Five new UK manufacturing research centres launched via Made Smarter

Nearly £25 million will be invested in five new industry-sponsored research centres
© WFL Millturn Technologies
Nearly £25 million will be invested in five new industry-sponsored research centres

Five new digital manufacturing research centres and projects are among recipients of £53 million of new government funding.

The funding has been awarded though the Made Smarter programme, a collaboration between UK government and industry designed to support the development and increase use of these emerging technologies.

Adoption of the latest data-driven innovations, such as use of AI and blockchain in supply chains, or advanced robotics and smart machines in manufacturing, will help manufacturers increase productivity, become more sustainable and build back better from the pandemic.

Nearly £25 million will be invested in five new industry-sponsored research centres set up around the UK, including at the University of Strathclyde and University of Nottingham, to accelerate the development of cutting-edge digital solutions that can transform manufacturing businesses across many sectors.

Based in universities throughout the UK, they will help to make supply chains faster, more efficient, and more resilient. Each centre will focus on a different area of manufacturing and include:

  • Digital Medicines Manufacturing Research Centre, based in Strathclyde, Cambridge and Loughborough Universities, aims to create digital supply chains that enable medicines to be supplied on demand and enable clinical trials to operate more flexibly
  • Research Centre for Smart, Collaborative Industrial Robotics, based in Loughborough, Strathclyde, Cranfield, Bristol and Warwick Universities, will look to eliminate barriers to adopting robotics and accelerate their widespread use in manufacturing
  • Research Centre for Connected Factories, based in Nottingham, Cambridge and Sheffield Universities, will work to create a ‘Morphing Factory’ where production can be easily repurposed in response to changing market demand, for example, during the pandemic when drinks manufacturers have transformed their production lines to make hand sanitizer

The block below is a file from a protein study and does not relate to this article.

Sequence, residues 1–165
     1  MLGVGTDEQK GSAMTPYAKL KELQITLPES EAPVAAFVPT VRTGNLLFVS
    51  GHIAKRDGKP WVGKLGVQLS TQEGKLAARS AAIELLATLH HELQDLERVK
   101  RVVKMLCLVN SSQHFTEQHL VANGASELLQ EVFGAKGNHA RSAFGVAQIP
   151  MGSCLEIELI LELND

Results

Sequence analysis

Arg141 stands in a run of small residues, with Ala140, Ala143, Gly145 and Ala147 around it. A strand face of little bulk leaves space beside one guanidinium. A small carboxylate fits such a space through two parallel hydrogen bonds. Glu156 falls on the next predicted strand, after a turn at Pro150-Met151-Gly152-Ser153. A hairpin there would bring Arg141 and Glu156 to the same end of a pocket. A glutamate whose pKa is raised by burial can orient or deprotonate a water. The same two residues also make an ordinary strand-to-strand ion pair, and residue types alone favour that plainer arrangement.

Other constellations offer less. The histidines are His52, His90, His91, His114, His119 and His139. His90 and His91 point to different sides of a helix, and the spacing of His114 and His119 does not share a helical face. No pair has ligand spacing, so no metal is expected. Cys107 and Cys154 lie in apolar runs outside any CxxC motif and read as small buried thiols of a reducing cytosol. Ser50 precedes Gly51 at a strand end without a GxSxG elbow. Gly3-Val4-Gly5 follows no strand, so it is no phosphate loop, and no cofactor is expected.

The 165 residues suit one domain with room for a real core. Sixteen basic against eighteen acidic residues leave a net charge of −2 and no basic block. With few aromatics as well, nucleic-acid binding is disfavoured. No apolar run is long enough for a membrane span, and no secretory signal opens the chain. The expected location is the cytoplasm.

• Materials Made Smarter Research Centre, based in Sheffield, Cambridge and Loughborough Universities, will work on overcoming technological challenges preventing adoption of new materials and manufacturing processes needed to become more sustainable and help achieve net zero emissions
  • People-Led Digitalisation, based in Bath, Nottingham and Loughborough Universities, aims to achieving the highest level of manufacturing productivity by increasing the digital knowledge and awareness of manufacturers

A further £18 million has been awarded through the Digital Supply Chain Competition to 37 winning projects to support their development of innovations designed to help manufacturing supply chains become more productive and sustainable. Some of the winning projects under the collaborate research and development funding are:

  • Automotive company Jaguar Land Rover’s project, investigating the use of blockchain technology when tanning leather to improve traceability and reducing environmental, social and economic risks
  • Durham-based Pragmatic Printing SORT-IT project, aiming to use digital technology and intelligent automation to track and sort packaging waste for recycling
  • Technology provider Circulor, which has developed a blockchain platform enabling businesses to monitor and track the origin and quality of raw materials in their supply chain, including dynamic tracking of CO2 emissions
  • Armagh-based Food for Thought’s project, which is planning to improve the use of robotics and technology to increase food traceability and better use of cold storage infrastructure
  • Perpetual Labs’s project, which aims to create a digital model-driven approach to manufacturing which makes information accessible in one place in one standard language for all involved in the supply chain, allowing for improved work methods

£10 million in funding has also been awarded today to the new Made Smarter Innovation Digital Supply Chain Innovation Hub to develop breakthrough solutions that create supply chains that are fully connected, resilient and sustainable.

Delivered through a collaboration led by Digital Catapult, and bringing together businesses, universities and research technology organisations, the new Hub network will help make innovation more accessible for a wide range of potential businesses, including manufacturers and technology providers large and small. The hub will provide them with access to clusters of test beds and other practical laboratories.

Made Smarter innovation challenge director, UKRI, Chris Courtney, said: “Digital technologies have the power to radically transform how we manufacture and deliver the products and services of today and the future delivering a productive, sustainable and flexible manufacturing sector and enhancing the future of work within it. There are enormous opportunities to innovate in this area, we have world leading industries, a powerful scientific and research community and a vibrant technology sector. It is vital we form a vibrant connected ecosystem from applied research to industrialisation in order to fully capitalise on that potential.

“We have seen tremendous demand for this area across all sectors, company sizes and locations, and real evidence of the vibrant community of innovators in the areas of digital manufacturing and supply chains. I’m excited to see how this powerful coalition transforms the future of manufacturing and its supply chains.”

Made Smarter
www.madesmarter.uk

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